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How Big is the Pension Fund Crisis? New DART Bailout Proposal Offers Perspective.

Scott Griggs has drafted a resolution to save the pension fund by pulling sales tax dollars from DART -- three Addisons-worth

The dominoes keep falling in the ongoing saga over the Dallas Police and Fire Pension Fund. Late last week, the Dallas Morning News reported on the latest idea to fix the troubled Dallas Police and Fire Pension Fund, and it is a whopper of a proposal.

In short, Dallas City Council member Scott Griggs has drafted a resolution that would take one-eighth of the sales tax Dallas currently contributes to Dallas Area Rapid Transit and use it to shore up the sinking fund. That would generate around $32 million-per-year for the police and fire pension, though it would leave an already financially challenged DART with a big budget gap.

How big? Think of it this way. Addison currently contributes between $9 and 13 million to DART. If Griggs’ proposal were adopted, it would represent the equivalent of three Addisons leaving the public transit agency. Over the course of 15 years, that’s nearly a half-billion dollar blow to DART’s bottom line.

Unsurprisingly, DART’s spokesperson was quick to sound the Chicken Little alarm. But over on the Dallas Observer, Jim Schutze wonders if this is a proverbial canary in the coal mine, the moment in which Dallas wakes up and realizes that, while its streets crumbled and its police department ceased being able to hire enough officers, it hasn’t gotten as much bang for its buck for all of the billions it has sunk into its sprawling, regional-minded, inefficient public transit system.

What a mess.

Let’s pretend for a second that Griggs’ idea finds political traction. It’s not terribly far-fetched. After all, Fort Worth already divides its sales tax between public transit and public safety. But what would be at stake if Dallas diverted one-eigtth of its DART funding for the pension?

DART already finds itself in a precarious position. Currently DART’s light rail system has hit operational capacity, its bus system is one of the most inefficient in the country, and it runs a fledgling, disconnected streetcar network. To fix this, DART is attempting to invest in a handful of big ticket infrastructure projects. A new DART light rail alignment downtown (called D2) will expand the system’s overall capacity. A new downtown streetcar will connect the Oak Cliff and Uptown lines, beginning to make the network look like a real city center system. Then there is the Cotton Belt light rail extension, which would connect some of the agency’s suburban members to DFW.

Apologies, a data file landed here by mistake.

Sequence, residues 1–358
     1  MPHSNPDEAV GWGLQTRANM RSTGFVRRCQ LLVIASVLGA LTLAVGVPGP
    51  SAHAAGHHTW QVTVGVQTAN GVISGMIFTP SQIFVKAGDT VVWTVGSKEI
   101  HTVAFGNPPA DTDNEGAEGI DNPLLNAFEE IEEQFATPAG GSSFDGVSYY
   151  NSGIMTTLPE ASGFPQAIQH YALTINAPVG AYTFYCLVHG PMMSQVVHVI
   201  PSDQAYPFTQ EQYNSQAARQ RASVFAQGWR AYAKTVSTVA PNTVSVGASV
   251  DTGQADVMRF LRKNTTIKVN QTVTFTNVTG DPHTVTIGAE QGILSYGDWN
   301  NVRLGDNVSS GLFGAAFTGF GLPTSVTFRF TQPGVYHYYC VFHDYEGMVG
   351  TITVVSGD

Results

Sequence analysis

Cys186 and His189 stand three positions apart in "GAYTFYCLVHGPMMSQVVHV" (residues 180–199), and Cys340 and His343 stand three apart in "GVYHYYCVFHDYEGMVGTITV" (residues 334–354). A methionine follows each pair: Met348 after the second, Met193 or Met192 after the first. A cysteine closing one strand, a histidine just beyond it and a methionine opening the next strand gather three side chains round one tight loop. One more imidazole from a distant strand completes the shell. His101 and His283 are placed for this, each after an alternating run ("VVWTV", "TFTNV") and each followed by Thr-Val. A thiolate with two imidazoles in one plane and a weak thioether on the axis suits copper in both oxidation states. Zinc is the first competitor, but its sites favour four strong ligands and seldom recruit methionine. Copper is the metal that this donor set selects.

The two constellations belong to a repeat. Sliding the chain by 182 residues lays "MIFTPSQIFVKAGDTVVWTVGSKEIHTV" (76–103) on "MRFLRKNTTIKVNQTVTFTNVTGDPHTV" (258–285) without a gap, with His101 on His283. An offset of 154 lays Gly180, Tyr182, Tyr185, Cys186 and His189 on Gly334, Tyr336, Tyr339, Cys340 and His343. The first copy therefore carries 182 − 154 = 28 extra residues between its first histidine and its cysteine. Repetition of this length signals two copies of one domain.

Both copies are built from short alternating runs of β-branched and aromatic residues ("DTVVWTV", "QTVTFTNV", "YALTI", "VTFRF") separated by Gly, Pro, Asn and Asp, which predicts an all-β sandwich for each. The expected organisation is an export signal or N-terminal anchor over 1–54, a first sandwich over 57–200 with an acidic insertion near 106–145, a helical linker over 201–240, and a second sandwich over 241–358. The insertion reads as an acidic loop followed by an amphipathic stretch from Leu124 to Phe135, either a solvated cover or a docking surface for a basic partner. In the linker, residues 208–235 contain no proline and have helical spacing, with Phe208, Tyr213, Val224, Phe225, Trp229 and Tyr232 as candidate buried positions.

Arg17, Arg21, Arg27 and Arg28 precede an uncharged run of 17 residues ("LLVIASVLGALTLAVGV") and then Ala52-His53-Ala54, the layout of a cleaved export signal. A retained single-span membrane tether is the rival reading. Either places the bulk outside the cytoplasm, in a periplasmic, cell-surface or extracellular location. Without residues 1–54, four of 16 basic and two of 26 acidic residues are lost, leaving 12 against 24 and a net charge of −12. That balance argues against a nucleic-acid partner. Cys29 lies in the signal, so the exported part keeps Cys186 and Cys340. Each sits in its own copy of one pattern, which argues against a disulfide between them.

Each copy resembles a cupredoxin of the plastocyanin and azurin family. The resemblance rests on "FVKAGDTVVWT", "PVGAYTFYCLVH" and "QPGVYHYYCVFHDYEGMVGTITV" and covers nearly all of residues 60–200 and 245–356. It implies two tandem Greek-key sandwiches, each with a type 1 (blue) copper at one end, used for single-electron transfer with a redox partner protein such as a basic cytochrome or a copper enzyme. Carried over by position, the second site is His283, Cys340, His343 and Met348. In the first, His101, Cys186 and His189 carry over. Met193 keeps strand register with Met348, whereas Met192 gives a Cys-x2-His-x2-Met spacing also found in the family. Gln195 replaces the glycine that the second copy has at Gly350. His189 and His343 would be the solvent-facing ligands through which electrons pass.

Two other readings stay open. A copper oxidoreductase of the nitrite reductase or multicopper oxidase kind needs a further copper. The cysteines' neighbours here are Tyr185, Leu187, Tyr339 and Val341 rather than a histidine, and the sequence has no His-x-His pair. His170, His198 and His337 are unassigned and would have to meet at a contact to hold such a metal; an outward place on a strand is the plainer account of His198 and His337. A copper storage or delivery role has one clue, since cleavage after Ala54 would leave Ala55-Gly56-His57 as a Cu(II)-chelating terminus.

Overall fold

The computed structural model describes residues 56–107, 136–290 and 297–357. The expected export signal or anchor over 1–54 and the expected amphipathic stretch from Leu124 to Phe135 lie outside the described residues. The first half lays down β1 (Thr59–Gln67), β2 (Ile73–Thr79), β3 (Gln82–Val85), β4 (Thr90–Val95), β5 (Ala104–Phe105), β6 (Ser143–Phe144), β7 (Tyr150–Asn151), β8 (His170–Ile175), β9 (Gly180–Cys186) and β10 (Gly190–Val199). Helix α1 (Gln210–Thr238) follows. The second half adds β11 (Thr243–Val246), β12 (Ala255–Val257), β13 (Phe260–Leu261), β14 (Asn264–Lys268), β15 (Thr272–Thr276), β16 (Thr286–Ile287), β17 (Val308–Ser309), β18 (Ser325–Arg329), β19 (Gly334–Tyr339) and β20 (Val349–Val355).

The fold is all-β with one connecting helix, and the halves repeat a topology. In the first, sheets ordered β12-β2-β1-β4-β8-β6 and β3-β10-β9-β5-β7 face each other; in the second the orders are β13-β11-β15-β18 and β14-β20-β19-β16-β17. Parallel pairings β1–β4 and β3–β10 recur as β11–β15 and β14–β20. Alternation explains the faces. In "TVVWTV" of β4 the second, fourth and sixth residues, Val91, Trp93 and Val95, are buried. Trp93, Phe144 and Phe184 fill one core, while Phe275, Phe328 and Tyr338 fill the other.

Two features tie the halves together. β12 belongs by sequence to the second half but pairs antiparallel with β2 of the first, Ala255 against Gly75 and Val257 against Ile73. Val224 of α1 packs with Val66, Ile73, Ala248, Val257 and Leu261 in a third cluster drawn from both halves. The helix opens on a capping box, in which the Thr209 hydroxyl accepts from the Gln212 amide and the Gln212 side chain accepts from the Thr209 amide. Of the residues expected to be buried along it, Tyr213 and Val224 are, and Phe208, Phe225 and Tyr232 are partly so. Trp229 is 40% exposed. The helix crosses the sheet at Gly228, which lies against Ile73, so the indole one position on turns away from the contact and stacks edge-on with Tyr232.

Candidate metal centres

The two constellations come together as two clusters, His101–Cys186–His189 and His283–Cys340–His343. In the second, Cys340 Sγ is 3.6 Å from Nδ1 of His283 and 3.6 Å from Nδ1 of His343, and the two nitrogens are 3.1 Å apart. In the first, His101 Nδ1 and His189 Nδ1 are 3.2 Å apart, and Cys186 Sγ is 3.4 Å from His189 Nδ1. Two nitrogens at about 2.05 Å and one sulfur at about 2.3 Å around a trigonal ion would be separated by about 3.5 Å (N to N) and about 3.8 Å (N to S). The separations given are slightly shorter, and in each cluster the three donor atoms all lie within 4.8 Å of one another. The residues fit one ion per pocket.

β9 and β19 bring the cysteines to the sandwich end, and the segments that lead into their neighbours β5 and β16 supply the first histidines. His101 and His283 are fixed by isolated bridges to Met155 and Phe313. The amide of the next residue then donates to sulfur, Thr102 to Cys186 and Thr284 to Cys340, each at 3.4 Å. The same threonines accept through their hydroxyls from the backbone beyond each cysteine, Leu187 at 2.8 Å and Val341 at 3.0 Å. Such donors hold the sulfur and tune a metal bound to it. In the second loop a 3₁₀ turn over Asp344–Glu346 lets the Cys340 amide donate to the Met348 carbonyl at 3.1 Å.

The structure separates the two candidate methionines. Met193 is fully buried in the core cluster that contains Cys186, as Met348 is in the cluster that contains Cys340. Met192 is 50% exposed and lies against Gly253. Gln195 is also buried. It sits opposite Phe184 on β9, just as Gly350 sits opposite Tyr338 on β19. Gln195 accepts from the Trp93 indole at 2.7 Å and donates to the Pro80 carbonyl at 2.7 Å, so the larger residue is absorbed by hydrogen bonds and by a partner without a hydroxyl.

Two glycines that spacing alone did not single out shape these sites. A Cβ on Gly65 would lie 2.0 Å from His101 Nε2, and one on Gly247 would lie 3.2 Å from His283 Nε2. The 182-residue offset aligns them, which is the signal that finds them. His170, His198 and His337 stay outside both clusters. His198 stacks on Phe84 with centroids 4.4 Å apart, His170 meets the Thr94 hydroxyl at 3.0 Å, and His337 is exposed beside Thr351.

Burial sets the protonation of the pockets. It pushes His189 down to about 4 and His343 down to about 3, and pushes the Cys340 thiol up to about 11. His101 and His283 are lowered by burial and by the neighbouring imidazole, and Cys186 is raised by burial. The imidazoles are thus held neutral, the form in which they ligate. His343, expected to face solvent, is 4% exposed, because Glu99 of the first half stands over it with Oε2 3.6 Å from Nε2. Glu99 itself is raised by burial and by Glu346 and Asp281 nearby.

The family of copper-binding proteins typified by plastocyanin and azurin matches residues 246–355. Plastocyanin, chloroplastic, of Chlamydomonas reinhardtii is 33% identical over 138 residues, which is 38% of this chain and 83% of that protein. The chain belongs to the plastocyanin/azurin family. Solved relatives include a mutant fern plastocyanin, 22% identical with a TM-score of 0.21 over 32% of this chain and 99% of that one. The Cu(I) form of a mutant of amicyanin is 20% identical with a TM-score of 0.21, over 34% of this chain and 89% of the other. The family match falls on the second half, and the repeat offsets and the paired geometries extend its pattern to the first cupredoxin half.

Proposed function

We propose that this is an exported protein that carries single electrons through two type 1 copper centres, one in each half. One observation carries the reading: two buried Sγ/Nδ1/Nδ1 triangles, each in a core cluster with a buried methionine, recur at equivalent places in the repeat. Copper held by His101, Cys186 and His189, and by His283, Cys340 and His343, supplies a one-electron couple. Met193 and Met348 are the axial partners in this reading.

Last year, the Dallas City Council passed a resolution urging the DART board of directors to leave the agency’s plans to debt-finance the Cotton Belt extension out of its financial plan in part out of fear that the debt burden would possibly downgrade the agency’s financial rating in pending Federal Transit Agency grants applications. Those grants will help finance DART’s higher priority capital projects, like platform extensions and D2. But DART’s board – including city of Dallas appointed representatives – thumbed its nose at the council and moved ahead with the Cotton Belt. One of the reasons was fear that Addison would leave DART if it didn’t build-out the long-promised Cotton Belt.

And so here we are with a new proposal on the table. In trying to figure out how to balance the books on the city’s troubled police and fire pension fund and shore up the reputation of the Dallas Police Department in order to attract necessary recruits, Griggs has now proposed pulling out the equivalent of three Addison from DART. How might the DART board respond to that?

If anything, the new proposal to save the pension by diverting funds from DART is useful if only that it puts the size and scale of the pension fund fiasco in perspective.